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James Foley at work in Aleppo, Syria. (MAnu Brabo)
James Foley at work in Aleppo, Syria. (MAnu Brabo)

Beheadings generating revulsion and anger for most in the Muslim world Add to ...

Brutal beheadings recorded on video by the Islamic State are intended to terrorize the group’s enemies, but are also angering and alienating the Muslims the group claims to represent.

For Rita Katz, director of extremist monitoring group SITE, releasing videos of the beheadings of U.S. journalists Steven Sotloff and James Foley before him “has a straightforward purpose from an analytical standpoint: intimidation. The brutality demonstrated in the video says: ‘Don’t mess with us.’”

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Beheading has become almost a calling card for the Islamic State.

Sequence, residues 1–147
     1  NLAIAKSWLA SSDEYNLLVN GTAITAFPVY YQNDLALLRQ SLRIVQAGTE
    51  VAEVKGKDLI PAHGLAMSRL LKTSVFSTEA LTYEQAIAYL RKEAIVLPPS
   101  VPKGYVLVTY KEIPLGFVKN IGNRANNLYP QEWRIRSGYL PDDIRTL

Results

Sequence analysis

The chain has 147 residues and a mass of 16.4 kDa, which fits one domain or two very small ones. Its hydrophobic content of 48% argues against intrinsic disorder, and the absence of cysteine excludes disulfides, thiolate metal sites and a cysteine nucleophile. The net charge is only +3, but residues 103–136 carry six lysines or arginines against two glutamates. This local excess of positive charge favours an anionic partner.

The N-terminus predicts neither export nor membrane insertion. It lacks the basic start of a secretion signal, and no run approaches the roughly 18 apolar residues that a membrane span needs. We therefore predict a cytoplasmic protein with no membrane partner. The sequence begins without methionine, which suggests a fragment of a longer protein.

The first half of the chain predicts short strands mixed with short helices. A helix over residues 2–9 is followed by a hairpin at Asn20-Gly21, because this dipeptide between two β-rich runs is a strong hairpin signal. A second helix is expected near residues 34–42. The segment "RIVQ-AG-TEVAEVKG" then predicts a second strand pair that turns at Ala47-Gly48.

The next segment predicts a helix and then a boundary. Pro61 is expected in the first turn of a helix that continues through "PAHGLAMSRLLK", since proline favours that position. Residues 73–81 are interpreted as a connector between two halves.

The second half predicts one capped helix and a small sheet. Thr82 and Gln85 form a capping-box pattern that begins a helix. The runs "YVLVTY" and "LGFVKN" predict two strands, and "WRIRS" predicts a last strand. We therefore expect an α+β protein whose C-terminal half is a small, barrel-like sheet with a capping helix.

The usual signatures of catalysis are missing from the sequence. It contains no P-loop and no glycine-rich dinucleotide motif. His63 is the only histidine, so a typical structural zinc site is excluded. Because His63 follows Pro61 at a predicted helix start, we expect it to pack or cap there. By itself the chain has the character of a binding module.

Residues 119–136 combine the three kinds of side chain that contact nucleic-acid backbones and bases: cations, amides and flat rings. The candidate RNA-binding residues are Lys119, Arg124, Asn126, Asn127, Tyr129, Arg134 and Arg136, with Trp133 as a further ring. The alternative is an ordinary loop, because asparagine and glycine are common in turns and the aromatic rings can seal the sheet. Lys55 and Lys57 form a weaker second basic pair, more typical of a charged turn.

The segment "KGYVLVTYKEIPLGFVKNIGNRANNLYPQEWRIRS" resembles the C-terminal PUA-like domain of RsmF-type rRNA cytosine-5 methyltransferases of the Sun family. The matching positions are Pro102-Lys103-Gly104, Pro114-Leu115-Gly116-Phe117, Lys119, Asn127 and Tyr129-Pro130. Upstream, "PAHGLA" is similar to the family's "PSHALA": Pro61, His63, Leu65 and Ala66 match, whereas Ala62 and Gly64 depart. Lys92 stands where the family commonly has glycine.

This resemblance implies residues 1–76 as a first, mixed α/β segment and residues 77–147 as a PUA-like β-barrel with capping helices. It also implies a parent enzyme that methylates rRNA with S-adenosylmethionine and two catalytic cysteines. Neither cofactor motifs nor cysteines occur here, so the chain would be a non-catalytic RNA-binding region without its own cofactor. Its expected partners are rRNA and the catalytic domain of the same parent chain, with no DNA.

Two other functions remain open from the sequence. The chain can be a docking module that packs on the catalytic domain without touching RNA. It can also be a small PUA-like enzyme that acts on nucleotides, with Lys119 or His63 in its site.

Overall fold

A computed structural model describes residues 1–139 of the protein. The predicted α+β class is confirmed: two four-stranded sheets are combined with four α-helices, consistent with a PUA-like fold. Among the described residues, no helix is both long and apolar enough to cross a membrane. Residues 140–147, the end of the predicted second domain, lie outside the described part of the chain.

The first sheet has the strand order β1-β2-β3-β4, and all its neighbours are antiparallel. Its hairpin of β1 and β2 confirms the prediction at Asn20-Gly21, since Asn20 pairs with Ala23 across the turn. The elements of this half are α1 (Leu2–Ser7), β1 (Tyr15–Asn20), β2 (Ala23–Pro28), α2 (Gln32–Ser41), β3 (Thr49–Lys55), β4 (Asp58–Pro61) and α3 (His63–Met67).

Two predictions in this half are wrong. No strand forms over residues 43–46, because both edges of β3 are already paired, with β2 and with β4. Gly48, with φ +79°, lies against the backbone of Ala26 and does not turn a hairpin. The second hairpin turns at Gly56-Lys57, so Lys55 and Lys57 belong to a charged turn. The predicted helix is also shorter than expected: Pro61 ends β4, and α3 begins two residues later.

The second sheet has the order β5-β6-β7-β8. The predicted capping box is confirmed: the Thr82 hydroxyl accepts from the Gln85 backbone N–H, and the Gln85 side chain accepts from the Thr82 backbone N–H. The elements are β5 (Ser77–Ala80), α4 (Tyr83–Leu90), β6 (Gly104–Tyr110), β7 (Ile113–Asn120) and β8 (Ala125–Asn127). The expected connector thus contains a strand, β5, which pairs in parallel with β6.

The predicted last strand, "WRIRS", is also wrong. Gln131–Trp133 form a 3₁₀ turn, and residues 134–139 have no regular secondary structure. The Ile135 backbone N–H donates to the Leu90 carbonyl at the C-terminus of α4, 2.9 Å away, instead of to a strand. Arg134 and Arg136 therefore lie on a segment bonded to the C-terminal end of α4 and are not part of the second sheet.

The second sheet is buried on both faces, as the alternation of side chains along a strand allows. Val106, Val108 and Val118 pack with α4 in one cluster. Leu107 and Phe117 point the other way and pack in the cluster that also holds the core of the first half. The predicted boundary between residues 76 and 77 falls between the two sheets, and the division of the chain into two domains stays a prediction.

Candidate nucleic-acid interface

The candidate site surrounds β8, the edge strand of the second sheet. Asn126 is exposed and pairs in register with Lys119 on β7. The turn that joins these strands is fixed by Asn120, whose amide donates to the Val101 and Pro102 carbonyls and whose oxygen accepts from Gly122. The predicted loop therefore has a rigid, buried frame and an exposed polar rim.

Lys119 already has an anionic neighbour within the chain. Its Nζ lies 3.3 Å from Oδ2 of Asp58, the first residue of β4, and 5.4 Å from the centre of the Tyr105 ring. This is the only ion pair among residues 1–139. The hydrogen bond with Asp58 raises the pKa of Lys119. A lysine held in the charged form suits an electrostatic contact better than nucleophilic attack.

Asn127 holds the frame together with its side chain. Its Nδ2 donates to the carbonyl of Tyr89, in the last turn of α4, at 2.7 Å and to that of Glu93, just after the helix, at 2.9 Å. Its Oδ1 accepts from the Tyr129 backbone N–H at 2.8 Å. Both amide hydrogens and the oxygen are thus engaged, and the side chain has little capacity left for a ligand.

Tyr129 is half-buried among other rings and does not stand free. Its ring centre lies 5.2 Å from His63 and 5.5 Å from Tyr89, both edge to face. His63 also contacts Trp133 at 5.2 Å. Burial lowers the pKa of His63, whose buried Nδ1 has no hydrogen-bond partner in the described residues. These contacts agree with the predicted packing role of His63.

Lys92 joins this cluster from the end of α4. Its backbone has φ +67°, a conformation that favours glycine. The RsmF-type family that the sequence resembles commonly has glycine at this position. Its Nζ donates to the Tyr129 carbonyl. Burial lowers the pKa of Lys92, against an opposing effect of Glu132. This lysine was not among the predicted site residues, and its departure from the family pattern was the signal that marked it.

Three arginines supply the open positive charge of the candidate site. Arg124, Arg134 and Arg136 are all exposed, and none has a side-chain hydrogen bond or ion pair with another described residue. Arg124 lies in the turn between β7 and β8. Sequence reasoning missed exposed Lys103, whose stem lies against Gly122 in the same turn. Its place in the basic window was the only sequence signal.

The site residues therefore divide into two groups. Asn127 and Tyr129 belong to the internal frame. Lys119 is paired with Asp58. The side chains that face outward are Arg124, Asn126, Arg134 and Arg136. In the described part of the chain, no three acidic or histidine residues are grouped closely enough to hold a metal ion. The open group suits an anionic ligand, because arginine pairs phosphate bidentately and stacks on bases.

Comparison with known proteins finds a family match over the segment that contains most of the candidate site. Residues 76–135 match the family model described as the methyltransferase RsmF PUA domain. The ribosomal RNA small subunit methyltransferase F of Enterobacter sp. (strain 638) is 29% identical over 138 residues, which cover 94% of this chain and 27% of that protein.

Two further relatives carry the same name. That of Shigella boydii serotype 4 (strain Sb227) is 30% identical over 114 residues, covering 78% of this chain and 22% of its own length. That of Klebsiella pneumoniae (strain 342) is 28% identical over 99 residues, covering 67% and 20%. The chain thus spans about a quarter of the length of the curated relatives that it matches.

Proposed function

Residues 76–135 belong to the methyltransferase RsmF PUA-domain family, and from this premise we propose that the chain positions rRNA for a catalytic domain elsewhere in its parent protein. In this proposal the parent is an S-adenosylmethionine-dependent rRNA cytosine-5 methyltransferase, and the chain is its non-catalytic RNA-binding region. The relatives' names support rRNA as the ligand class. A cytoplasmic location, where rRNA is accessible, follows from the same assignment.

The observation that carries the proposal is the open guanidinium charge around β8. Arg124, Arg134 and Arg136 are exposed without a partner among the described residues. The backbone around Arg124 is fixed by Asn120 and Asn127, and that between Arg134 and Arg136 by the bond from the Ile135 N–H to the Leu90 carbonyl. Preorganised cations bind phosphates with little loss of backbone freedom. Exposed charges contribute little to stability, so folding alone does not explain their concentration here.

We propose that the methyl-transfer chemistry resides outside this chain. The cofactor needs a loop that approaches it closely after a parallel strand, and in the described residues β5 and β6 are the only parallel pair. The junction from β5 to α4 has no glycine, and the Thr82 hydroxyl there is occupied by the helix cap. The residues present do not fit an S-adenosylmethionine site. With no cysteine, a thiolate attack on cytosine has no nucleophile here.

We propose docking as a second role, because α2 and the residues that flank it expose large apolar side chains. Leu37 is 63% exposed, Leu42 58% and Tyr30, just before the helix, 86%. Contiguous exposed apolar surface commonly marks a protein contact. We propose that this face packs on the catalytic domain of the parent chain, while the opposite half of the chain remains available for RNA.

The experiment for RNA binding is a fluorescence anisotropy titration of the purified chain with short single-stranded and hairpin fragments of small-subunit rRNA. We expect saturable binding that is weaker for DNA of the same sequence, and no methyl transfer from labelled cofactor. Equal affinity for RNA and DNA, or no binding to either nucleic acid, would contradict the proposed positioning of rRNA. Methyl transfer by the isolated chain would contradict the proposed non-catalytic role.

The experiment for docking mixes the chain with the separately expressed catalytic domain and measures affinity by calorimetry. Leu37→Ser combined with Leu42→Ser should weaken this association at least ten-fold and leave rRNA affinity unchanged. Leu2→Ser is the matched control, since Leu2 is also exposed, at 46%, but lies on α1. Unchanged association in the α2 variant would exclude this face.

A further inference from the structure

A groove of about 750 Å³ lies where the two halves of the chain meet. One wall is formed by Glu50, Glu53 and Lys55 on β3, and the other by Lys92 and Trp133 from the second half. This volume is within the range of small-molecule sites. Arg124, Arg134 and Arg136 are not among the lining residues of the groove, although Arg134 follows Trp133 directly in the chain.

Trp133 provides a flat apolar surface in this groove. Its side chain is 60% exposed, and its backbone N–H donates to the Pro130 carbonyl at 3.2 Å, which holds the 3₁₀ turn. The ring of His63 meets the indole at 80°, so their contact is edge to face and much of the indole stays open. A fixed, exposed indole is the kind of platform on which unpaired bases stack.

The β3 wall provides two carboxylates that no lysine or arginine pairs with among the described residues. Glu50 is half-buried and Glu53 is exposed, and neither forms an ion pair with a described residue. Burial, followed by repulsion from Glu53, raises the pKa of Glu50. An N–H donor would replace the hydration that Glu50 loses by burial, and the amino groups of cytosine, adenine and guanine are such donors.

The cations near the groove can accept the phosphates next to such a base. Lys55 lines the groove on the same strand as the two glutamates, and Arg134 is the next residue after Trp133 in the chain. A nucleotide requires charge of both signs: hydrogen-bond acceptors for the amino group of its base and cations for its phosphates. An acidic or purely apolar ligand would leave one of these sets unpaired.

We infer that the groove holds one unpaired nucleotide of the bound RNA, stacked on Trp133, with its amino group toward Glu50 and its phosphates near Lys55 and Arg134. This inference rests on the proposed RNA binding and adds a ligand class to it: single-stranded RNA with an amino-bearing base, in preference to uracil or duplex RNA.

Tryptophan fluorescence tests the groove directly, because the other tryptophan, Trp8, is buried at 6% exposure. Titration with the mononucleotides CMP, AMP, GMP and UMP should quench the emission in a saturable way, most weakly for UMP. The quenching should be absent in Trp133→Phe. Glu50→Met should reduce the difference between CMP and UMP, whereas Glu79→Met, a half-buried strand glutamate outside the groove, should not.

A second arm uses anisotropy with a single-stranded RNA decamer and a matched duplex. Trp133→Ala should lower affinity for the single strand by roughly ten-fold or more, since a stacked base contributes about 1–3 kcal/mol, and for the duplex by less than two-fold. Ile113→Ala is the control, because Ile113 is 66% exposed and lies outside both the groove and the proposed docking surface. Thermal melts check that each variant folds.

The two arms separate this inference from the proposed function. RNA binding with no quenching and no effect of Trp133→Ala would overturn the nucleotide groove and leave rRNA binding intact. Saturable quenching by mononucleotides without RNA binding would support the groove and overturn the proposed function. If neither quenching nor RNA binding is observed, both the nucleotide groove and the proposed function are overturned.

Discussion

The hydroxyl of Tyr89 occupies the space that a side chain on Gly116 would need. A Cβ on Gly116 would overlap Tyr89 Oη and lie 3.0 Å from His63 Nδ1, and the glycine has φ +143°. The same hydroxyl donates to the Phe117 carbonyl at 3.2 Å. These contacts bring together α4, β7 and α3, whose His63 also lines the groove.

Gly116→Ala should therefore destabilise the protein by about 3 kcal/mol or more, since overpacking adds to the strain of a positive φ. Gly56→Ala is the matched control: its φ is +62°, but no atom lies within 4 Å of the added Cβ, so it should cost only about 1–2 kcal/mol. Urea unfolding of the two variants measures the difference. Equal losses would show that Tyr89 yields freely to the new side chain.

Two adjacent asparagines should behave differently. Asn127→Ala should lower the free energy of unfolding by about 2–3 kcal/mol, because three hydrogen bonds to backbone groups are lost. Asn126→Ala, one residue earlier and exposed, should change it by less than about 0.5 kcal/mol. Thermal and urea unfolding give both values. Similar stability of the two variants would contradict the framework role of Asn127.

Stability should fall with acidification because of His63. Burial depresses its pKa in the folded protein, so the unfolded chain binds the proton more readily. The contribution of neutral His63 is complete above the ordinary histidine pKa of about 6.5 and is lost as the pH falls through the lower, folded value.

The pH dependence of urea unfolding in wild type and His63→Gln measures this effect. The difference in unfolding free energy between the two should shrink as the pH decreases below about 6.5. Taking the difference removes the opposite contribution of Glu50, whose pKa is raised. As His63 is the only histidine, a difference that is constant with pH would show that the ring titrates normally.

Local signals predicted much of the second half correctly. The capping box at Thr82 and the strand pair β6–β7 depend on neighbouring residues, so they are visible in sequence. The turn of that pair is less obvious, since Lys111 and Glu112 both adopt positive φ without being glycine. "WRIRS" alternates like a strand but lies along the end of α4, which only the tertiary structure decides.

Ms. Katz said videos of the brutal tactic also served the “alarming” purpose of “recruitment to jihad,” by attracting a small minority of radicalized Muslims impressed by such violent excesses.

But for most in the Muslim world and elsewhere, the Islamic State’s tactics produce revulsion and anger.

“The acts and practices of IS in terms of beheadings and insulting minorities are at complete odds with the message of Islam and Muslim belief,” said Sheik Khaldun Araymit, secretary-general of Lebanon’s Supreme Islamic Council.

Muslims express similar feelings online, taking to Facebook and Twitter after each new Islamic State outrage.

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